How did you come to directing Frosh Revue this year?
Ten kids normally perform in Frosh Revue, and while it’s not set in stone, around five of them choose to direct it their sophomore year, so myself and a few friends – Lili Zimmett ’05, Amy Shelton ’05, Nate Kolar ’05 and Ari Crystal-Ornelas ’05 – are doing it this year.
Do you know how many students auditioned this year?
I’m guessing, but I think around 90.
Ninety kids? Wow, for a spot of 10, that’s intense.
It was an amazing group. They were completely willing to go off the wall and devoted themselves to being crazy, which is exactly what Frosh Revue demands.
Frosh Revue – when did this start?
In the 1940s, I think, and it fluctuated in the number of participants year to year; at one time there were 60 students involved, another year it was a one-man show.
With such a great amount of talent, was there any temptation to accept, say, 20 people?
Well, not 20, but we definitely considered increasing the size. However, there is something nice about the number we have. It’s big enough for a wide array of personalities, which have to work together right off the bat.
While they might initially not understand each other, they grow to form a new humorous relationship. At the same time, ten is small enough to create an intimate bond in which members are willing to collaborate on a big project like this.
How often do members of the Frosh Revue meet?
Sunday to Thursday, three hours a day.
That must take dedication.
It’s the same with any endeavor where you produce something, whether that be a sports team or a group of artists – it becomes a common experience.
We’re spending a great amount of time together in order to make something happen and when you’re spending three hours a night together it’s a given that whether or not you become best friends, you’re going to form amazing relationships with these people.
What is the format of the presentation?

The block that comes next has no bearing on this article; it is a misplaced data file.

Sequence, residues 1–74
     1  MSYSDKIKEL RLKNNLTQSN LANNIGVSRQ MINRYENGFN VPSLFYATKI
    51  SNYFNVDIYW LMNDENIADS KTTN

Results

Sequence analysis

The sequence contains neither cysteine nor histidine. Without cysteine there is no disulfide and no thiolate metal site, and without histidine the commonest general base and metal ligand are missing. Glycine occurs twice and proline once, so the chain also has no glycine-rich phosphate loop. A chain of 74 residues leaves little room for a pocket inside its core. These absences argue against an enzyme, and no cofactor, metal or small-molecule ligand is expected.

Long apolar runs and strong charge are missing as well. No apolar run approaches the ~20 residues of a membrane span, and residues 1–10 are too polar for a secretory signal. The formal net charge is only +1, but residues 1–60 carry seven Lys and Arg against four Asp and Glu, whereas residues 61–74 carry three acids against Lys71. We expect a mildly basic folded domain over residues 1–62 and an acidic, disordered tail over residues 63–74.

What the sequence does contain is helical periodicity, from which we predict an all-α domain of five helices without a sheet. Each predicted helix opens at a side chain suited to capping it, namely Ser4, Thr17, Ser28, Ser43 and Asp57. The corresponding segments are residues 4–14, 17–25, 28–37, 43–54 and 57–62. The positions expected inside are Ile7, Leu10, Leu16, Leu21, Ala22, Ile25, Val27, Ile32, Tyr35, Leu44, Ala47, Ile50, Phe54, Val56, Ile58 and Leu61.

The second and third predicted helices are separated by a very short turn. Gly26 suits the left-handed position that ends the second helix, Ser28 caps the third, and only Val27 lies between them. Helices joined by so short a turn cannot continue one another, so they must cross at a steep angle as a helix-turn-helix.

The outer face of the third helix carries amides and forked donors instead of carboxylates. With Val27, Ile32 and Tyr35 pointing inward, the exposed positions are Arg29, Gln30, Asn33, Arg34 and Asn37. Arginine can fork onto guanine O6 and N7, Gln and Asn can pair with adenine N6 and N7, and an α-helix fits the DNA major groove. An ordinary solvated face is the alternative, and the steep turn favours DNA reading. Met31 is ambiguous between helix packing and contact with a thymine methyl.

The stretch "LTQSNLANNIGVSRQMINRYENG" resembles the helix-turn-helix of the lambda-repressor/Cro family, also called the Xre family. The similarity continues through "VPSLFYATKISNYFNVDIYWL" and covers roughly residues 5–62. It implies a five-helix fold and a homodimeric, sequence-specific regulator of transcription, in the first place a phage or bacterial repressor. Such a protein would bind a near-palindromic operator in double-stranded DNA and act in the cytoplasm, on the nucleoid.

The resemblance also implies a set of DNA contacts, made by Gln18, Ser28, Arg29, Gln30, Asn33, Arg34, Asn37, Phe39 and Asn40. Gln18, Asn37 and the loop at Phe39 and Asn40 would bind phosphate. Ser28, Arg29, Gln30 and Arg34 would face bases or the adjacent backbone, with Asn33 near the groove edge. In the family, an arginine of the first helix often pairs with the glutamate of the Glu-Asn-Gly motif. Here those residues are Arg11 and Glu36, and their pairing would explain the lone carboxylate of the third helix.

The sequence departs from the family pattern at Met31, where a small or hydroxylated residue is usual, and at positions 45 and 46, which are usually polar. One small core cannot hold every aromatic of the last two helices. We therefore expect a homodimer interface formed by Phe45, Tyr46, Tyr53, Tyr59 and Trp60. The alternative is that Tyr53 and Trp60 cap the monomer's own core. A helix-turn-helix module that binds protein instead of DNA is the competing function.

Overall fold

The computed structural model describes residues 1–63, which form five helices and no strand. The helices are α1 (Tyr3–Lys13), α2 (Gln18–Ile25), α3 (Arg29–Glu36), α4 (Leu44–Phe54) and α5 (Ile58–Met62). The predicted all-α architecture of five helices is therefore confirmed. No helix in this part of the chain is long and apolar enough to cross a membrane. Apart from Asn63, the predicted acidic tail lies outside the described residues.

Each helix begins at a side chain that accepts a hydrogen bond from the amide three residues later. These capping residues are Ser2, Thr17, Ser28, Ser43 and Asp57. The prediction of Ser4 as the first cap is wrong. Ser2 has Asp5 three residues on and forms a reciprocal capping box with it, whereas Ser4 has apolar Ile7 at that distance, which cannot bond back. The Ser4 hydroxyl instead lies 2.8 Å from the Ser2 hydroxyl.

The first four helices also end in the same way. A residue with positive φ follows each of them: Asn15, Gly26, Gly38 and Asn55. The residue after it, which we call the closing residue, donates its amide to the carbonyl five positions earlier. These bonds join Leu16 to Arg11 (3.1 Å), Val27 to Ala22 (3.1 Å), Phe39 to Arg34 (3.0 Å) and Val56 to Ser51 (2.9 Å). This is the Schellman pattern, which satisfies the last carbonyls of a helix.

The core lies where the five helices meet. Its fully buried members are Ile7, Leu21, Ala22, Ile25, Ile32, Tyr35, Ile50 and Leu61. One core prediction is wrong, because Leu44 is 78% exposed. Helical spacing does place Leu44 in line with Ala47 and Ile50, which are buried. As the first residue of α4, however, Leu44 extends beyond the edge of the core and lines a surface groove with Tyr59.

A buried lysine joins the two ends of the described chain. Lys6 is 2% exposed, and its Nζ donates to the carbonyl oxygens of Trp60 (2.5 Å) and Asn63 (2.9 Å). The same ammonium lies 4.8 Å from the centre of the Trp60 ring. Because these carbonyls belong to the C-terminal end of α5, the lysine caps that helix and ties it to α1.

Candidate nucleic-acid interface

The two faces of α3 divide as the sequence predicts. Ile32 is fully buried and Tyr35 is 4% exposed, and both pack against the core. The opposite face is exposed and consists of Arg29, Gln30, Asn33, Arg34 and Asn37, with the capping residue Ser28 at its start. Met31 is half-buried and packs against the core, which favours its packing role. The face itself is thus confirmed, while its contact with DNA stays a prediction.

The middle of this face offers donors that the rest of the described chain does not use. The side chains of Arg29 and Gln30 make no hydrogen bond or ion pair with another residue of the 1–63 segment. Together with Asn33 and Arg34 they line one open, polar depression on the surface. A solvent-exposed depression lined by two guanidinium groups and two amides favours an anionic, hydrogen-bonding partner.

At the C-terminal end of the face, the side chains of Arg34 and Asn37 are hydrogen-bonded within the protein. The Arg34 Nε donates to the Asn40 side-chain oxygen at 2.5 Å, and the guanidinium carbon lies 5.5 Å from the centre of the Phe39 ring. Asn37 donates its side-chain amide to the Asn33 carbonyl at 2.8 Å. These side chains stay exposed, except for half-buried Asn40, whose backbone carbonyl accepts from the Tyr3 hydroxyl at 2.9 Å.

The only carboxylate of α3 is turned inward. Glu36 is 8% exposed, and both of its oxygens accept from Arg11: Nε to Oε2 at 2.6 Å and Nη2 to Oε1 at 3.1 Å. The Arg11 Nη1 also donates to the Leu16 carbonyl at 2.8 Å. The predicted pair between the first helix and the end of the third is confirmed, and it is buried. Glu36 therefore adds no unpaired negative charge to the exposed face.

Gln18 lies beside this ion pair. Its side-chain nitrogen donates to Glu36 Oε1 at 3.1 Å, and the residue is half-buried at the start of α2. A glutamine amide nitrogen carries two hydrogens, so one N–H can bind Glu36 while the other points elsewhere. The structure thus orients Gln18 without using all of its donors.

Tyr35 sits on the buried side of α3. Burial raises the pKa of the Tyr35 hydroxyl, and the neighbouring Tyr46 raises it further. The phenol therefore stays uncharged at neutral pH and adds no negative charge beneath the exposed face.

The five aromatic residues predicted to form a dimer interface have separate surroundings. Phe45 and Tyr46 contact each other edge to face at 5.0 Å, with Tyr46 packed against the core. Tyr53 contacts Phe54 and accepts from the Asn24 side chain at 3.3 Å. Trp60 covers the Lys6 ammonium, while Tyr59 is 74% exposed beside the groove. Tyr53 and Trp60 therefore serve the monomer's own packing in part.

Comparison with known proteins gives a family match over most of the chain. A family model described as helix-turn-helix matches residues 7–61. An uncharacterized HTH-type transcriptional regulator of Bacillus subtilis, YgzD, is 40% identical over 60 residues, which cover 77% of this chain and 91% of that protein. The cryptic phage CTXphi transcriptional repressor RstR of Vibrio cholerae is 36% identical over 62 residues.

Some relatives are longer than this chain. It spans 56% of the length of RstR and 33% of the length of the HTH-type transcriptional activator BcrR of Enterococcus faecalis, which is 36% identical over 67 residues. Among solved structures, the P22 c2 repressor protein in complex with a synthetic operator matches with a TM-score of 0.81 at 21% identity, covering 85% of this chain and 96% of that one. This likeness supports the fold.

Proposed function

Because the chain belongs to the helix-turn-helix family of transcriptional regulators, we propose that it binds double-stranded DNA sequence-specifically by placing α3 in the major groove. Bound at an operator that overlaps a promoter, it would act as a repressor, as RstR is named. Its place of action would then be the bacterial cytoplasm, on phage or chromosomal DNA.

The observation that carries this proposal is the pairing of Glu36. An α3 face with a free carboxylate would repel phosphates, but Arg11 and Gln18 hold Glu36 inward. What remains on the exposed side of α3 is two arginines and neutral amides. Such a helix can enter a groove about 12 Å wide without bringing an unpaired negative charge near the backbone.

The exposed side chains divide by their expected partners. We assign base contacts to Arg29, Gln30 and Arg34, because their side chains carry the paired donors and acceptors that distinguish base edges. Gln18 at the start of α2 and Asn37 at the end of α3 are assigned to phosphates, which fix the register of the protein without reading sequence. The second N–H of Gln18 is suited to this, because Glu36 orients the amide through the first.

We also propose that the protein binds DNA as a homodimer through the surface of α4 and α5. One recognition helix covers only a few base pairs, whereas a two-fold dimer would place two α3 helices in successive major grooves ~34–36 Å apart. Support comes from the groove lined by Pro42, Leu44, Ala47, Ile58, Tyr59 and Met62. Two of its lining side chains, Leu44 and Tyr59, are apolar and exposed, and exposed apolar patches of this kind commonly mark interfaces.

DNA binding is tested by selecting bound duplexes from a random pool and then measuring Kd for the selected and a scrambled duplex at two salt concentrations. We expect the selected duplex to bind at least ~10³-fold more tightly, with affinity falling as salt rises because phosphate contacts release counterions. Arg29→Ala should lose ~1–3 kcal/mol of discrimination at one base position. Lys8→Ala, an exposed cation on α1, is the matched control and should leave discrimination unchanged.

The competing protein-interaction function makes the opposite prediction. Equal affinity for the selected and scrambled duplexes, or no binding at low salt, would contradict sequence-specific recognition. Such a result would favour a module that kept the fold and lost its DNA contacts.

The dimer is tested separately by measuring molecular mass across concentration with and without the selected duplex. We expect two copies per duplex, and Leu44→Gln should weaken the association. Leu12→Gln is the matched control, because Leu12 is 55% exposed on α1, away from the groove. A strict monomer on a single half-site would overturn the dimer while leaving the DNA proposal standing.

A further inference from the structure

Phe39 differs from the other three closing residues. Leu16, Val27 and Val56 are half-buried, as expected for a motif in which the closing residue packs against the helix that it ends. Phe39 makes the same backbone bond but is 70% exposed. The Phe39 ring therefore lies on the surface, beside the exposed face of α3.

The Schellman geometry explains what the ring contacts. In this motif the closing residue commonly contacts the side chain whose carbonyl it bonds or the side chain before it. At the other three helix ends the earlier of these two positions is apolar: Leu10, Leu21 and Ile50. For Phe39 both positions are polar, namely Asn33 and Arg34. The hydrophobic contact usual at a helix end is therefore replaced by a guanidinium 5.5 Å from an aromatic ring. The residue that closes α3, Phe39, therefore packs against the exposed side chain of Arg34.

Over Parents Weekend, which runs Oct. 26-28, there will be six hour-long shows.
I don’t know how much I can say because we try to keep most details under wraps so that for the freshman class and parents it’s a big surprise until the last moment. However, it’s in the vein of improv comedy, well, actually more like a sketch comedy, similar to what you’d see on television programs like Saturday Night Live.
What does directing such an endeavor entail?
We rehearse and rehearse and rehearse and all the directors take notes during practices until in the end, out of nowhere, something just kind of gets created.
There’s writing involved, there’s music, dance, comedy – everything really. It will be sort of light-heared and bubble-gummy, you know, because the show is for parents as well as for students. Hopefully, though, it’s going to be a smart, hip presentation as well as a tongue-in-cheek portrayal of life as a freshman.
Will there be an uncensored version for the students?
No, there’s not, although it’d be really fun if there were. However, as smart and clever as we are, we’re still teenagers and twenty-somethings, so much of our humor is based on sex and death – bathroom humor, really – and so the Revue will deal with what’s fun for us. It’ll be borderline risque, a little bit over the top. But we’ll be giving them the censored version [laughs].
In your rehearsals, how do you prepare the players for this kind of on-the-spot comedy?
We have a bunch of, well, perhaps “improv games” is the best description. We have games that were handed to us freshman year with a basic skeletal background structure to them that they get to run with.
Sounds like a lot of fun.
It is. See, I also do cross country, which goes from 4 to 6 p.m. and then rehearsals for the Frosh Revue run from 9 to 12, so my evenings are pretty monopolized.
But those three hours are spent laughing with 14 amazing people – it’s so cathartic and wholesome. No matter how tired I am going in, I walk out of rehearsals totally revitalized. It’s almost like gaining hours in your day.
Is directing something you would wish to pursue after college?
No, actually, I don’t think so. I think I lack that take-charge mentality necessary for a director. I’d like to continue acting, but nothing long-term – only in college.
What do you see yourself doing?
Farming, initially. Teaching, too, but that would be later in life, perhaps when I retire.
In between those, I don’t know, although I would like to stay involved in the arts. The year after I graduated high school I farmed for six months in Minnesota, so that’s where I discovered my love of working outdoors, working the land. I know it’s naive, but it’s something I’d want to do.
Wow, that is so cool. Well, back to the Frosh Revue, do you have one last message for audiences or the Frosh themselves?
Well, first, without a doubt, this will be the best Frosh Revue ever, so please come.
And second – I’m sorry, but a bit of an inside joke to the Frosh Revue kids: Damn! That “Jimbo” Prevas ’06 has one chiseled bod!